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I am working something where a picture like this one appeared : Elliptic Curve

Say the curve is written in the form $$ y^2 = x^3 + ax^2 + bx + c $$ (if this is the wrong form of coefficients, feel free to correct me, I am guessing here) what are the conditions on $a,b,c$ so that the elliptic curve "looks like the one in red in the picture"? Essentially I'm asking this because I had an elliptic course that I can't recall (because my teacher barely gave course notes at all... so I have no reference), but I remember the pictures and I was doing something in graph theory where this precise picture showed up, so I want to try to fit an elliptic curve to the curve I have and see if my conjecture that the curve is elliptic is morally valid.

Thanks in advance!

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2 Answers 2

up vote 2 down vote accepted

If applying to your original equation for the curve

$$ y^2=x^3+ax^2+bx+c $$

then the curves similar to the red curve appear when $b$ and $c$ are $0$. The coefficient on $x^2$ can be anything within $(0,\infty)$. For an equation where the curve can be translated, consider

$$ (y-a)^2=(x-b)(x-c)^2 $$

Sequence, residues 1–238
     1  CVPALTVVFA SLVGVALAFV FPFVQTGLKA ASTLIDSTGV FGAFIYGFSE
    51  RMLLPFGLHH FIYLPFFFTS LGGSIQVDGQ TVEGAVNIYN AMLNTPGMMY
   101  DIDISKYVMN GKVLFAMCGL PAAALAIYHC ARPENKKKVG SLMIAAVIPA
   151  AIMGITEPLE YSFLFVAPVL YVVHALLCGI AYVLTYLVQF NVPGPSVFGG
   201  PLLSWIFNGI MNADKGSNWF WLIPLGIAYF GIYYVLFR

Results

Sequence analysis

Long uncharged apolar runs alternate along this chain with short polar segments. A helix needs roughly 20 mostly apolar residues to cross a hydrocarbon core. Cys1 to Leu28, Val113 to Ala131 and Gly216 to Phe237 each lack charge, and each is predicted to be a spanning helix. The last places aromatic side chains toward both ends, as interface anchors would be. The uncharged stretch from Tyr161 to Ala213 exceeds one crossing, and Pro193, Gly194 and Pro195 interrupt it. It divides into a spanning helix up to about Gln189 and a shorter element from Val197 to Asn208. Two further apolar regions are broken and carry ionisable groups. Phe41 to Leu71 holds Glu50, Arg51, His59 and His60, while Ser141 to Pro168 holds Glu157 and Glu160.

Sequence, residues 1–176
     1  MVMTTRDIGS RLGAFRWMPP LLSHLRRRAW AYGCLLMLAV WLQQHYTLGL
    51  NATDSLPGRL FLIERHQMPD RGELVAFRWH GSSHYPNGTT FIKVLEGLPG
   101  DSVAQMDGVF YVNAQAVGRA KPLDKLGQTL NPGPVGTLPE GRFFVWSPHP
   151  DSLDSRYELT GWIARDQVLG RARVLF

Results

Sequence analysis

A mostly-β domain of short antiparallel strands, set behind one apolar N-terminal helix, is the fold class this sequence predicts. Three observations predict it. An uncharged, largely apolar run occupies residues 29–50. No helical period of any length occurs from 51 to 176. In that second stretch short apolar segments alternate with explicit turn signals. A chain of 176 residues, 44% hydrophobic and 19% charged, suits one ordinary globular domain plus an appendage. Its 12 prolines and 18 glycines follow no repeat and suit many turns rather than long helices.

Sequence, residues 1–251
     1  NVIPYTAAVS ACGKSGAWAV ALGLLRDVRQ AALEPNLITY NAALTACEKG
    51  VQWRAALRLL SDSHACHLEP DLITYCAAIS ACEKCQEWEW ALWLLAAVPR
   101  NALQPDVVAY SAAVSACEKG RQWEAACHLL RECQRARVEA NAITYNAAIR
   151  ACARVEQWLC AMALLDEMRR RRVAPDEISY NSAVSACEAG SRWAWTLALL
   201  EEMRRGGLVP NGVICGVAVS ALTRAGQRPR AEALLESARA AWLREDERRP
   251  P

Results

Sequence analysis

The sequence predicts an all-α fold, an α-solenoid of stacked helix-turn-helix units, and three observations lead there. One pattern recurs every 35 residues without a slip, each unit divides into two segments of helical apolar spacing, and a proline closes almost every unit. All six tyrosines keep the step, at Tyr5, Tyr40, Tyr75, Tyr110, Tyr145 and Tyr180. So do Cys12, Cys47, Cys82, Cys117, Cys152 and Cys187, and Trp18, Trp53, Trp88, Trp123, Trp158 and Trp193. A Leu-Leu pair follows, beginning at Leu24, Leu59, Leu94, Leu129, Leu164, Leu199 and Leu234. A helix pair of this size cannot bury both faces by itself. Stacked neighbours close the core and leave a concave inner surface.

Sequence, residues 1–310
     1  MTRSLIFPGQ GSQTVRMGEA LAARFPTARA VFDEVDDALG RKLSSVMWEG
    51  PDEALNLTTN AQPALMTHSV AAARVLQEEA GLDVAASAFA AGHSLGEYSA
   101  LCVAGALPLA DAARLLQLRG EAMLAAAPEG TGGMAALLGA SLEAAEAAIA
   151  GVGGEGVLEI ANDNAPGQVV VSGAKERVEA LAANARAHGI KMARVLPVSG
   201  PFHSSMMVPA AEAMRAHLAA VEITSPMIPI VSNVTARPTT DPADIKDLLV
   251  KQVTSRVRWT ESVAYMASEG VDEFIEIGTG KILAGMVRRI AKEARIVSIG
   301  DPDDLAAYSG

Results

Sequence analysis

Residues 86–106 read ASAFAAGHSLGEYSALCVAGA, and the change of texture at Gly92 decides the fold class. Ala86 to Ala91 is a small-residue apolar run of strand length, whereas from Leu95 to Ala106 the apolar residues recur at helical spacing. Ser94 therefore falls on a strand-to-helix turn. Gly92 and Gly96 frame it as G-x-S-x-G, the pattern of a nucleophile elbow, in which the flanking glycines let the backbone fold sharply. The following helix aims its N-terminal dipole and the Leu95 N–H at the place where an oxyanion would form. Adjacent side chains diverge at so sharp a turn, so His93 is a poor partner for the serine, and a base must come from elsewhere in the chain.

with conditions that $b-c\gt 0$. The variable $a$ is the vertical translation of the curve, $b$ is the $x$-coordinate of the intersection, and $c$ is the $x$-coordinate of the loop. This is also why Gerry's answer worked, as $$ y^2=x(x-1)^2 $$ is of this form as well.

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Thanks! Very clear. +1 & check! –  Patrick Da Silva Sep 9 '12 at 1:06
    
It seems to be that this is a sufficient but not necessary condition. It only describes curves where the crossing is at $(0,0)$, not their translations to the sides. –  Henning Makholm Sep 9 '12 at 12:00
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@Envious : Gerry's answer pretty much gave me the hint I needed... I did an elliptic curve course, so he just made me remember with the quick example that since the curve goes "twice" through the point there has to be a double root. But I'm still glad you worked it out. –  Patrick Da Silva Sep 10 '12 at 7:53

All you need is a repeated zero. $y^2=x(x-1)^2$ will do.

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Can that give me possibly a curve without a loop? Or do I need a triple zero for that? I guess I should've thought of it, it's quite clear that the curve passes twice through the point... I guess I just answered myself ; I'll have the loop if I have one zero away from the double zero. Thank you! –  Patrick Da Silva Sep 9 '12 at 0:26
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Your answer helped me very quickly but I guess Envious Page needs the reuptation more than you do, and his answer is still as good as yours. I'll give him the check but you both get +1 =) –  Patrick Da Silva Sep 9 '12 at 1:05

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